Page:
26. Dalton’s Laws of Partial Pressures • The pressure exerted by a mixtures of gases and vapours is the sum of the pressure which each would exert if it occupied the same space alone, assuming no interaction of constituents. • Barometer pressure = partial pressure of N2+p.p. O2 +p.p. of H2O • from Dalton’s Laws, viz: • Pressure exerted by and the quantity of, the vapour required to saturate a given space (i.e. exist as saturated steam) at any given temperature, are the same whether that space is filled by a gas or is a vacuum.

  27. Comfort Conditions • Comfort under summer conditions is dependent on dry and wet bulb readings i.e. relative humidity as well as air motion. For a given degree of air turbulence (75 mm/s to 127 mm/s), relative humidity between 30% and 70%, average 50%, and thermometer readings 19°C to 250C, average 220C, gives the best degree of summer comfort. Air at low temperature and high humidity can be as comfortable as air at high temperature and low humidity.

  28. 6 psychrometric zone classification 6 zones worldwide based on temp and humidity conditions • Hot & Dry: Temp: >33C; RH: 8-40%; AH: 5-13% • Hot & Humid: Temp: >33C; RH: 27-65%; AH: 13-22% • Warm & Dry: Temp: 27-33C;RH:15-57%; AH: 5-13% • Warm & Humid: Temp: 27-33C; RH:40-80%; AH: 13-22% • Moderate: Temp: 20-27C; RH:22-70%; AH: 5-13% • Cool: Temp: 15-20C; RH:35-70%; AH: 5-13%

  29. Comfort Conditions

  30. As the temperature of air is reduced, so too is its capacity for carrying water vapour. Air, with an initial dry bulb temperature of 360C and relative humidity of about 60%, will, when cooled to 27°C dry bulb temperature, have a relative humidity of 100%.The temperature drop reduces the capacity of the air to carry moisture in suspension. Further cooling will cause moisture to be precipitated. Air cooled to a comfortable temperature level of 21°C but having a relative humidity of IOO%,would not be able to take up further moisture andperspiration would notbe evaporated. People in an atmosphere at 21°C with IOO% relative humidity would be uncomfortable.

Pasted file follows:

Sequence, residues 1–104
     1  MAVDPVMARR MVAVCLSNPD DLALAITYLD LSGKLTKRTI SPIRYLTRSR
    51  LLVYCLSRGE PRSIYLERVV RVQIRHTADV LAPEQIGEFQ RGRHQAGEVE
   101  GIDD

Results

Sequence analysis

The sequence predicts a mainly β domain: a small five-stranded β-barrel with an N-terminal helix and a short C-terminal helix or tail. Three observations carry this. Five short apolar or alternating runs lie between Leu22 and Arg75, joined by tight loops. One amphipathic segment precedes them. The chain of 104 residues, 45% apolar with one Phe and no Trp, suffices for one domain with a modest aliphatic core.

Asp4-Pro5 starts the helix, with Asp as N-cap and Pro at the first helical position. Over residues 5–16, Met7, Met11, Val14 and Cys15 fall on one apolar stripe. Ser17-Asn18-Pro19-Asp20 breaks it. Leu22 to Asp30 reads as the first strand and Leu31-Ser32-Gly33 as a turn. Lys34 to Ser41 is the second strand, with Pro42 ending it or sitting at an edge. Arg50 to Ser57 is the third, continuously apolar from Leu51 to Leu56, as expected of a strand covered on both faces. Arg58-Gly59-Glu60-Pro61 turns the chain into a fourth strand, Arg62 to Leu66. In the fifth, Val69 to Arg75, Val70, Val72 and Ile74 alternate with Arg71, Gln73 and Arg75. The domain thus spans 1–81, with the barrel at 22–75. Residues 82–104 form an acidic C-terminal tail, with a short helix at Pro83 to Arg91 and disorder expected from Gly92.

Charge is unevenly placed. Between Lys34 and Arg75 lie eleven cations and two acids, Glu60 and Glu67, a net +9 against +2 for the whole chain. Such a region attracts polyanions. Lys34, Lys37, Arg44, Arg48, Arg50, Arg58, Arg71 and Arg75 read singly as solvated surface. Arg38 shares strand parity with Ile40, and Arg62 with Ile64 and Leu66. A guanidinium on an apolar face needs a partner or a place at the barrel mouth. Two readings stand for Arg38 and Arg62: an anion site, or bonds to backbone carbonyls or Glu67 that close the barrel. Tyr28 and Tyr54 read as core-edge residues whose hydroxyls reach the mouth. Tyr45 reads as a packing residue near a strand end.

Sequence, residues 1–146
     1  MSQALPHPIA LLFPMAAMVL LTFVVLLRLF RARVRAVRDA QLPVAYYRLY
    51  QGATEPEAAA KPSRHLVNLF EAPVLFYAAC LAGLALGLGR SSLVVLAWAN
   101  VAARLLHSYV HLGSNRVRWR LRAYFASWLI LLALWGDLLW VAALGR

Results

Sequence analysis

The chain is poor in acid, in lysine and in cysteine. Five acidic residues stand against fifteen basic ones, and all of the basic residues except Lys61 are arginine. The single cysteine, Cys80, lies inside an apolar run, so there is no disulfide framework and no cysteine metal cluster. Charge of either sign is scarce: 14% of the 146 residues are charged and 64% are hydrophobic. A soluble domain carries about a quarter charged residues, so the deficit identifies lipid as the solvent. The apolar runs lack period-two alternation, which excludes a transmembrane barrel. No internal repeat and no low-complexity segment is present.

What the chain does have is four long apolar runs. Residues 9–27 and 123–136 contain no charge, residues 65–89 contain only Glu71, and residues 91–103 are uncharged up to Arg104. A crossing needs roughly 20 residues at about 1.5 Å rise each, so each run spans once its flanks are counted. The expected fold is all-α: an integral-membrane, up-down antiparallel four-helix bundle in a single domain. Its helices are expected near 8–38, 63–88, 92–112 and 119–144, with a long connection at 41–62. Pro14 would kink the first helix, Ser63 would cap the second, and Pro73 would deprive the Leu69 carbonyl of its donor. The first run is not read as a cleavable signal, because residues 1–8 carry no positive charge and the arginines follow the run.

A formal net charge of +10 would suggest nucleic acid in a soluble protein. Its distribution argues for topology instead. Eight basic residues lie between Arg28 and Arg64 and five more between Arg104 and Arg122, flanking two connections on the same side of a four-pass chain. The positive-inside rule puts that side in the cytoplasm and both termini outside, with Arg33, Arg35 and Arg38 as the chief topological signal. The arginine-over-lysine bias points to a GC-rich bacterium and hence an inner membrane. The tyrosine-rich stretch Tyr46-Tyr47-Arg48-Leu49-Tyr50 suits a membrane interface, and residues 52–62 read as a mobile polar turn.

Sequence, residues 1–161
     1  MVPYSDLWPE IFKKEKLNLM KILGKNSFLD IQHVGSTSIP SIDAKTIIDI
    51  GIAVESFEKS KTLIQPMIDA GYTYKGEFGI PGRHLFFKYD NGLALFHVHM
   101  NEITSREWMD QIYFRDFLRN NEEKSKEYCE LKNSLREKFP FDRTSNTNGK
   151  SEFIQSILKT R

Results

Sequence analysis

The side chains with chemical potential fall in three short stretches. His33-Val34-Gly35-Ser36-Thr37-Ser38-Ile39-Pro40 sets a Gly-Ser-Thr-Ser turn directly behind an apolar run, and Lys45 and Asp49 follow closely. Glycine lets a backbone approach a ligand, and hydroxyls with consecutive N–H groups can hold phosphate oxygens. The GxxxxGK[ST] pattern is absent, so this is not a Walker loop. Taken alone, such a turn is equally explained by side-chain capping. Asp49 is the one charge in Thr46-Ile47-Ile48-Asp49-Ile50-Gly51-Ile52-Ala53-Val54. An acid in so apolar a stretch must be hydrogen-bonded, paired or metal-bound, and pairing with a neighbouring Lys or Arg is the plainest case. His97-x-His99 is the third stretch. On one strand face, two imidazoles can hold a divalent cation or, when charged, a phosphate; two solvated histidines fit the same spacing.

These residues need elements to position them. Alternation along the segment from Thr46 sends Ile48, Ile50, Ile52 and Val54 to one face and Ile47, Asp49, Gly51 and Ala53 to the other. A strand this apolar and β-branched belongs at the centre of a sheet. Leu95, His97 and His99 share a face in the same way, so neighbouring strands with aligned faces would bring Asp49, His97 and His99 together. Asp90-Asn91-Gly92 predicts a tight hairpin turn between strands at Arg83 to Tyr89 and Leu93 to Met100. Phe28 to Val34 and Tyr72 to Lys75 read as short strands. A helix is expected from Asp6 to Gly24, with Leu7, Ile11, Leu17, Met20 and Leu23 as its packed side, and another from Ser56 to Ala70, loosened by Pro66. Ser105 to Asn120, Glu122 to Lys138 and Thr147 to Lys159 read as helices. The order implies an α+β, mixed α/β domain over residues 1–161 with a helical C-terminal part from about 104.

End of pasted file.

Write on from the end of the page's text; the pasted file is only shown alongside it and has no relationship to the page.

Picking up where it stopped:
31. The remedy of dehumidifying the air is achieved by overcooling to precipitate excess moisture, (removed via the drain) so that when air is brought to the correct temperature, its humidity will be at an acceptable level. Thus the air could be overcooled to about 10°C dry bulb temperature so that warming to about 210C, would bring humidity to about 50%. The air is warmed in the trunking or by contact with warmer air in the space. • An adequate drain is required to remove what can be a considerable flow of water from dehumidification of the air.

  32. Heating • When the temperature of air is increased, so too is its capacity for carrying water vapour. Air, with a very low initial dry bulb temperature of -5°C and relative humidity of about 5O%, will, when heated to 21°C dry bulb temperature, have a relative humidity of about 10%. The temperature rise increases the capacity of the air to carry moisture in suspension. Air heated to a comfortable temperature level of 210C but having a relative humidity of 10% will readily take up moisture whether from perspiration or from the nasal passages and throat. People in an atmosphere at 21°C but 10% relative humidity, would experience discomfort from dryness in their nose and throat and on the skin.

  33. The remedy is to humidify the air with a hot water or steamspray. This action increases humidity towards 100% relative humidity and alsoincreases the temperature from -5°C and 50%relative humidity to say, + 7°C. Straight heating by the zoneheater bringing the air to about 210C, will drop relative humidity to 40%.The humidity will be at an acceptable level but is kept low to minimize condensation on any very cold external bulkheads.

  34. Exercise • Outside air at 35°C and 60% relative humidity is to be conditioned by cooling and heating so as to bring the air to within the "comfort zone". Using the Psychrometric Chart plot the required air conditioning process and estimate (a) the amount of moisture removed (b) the heat removed and (c) the amount of heat added

  35. Cooling to DBT27 RH100% Over cooling to DBT15 RH100% Heating to DBT25 RH50%

  36. Solution • (a) the amount of moisture removed [22-10=11.5g of H20/kg of dry air] • (b) the heat removed [(1)-(2), qcool 88-40= 48kJ/kg-dry-air] • (c) the amount of heat added [(2)-(3), qheat 50-40= 10kJ/kg-dry-air].

  37. Air conditioning circuit

  38. Marine air conditioning unit

  39. Types of air conditioning systems • Air conditioning systems may be divided into two main classes – the central unit type in which the air is distributed to a group of spaces through ducting and the self-contained type, installed in the space it is to serve. • The central unit type is the most widely used, in one or other of a number of alternative systems, characterized by the means provided to meet the varying requirements of each of the spaces being conditioned. The systems in general use are as follows: • Zone control system; • Double duct system;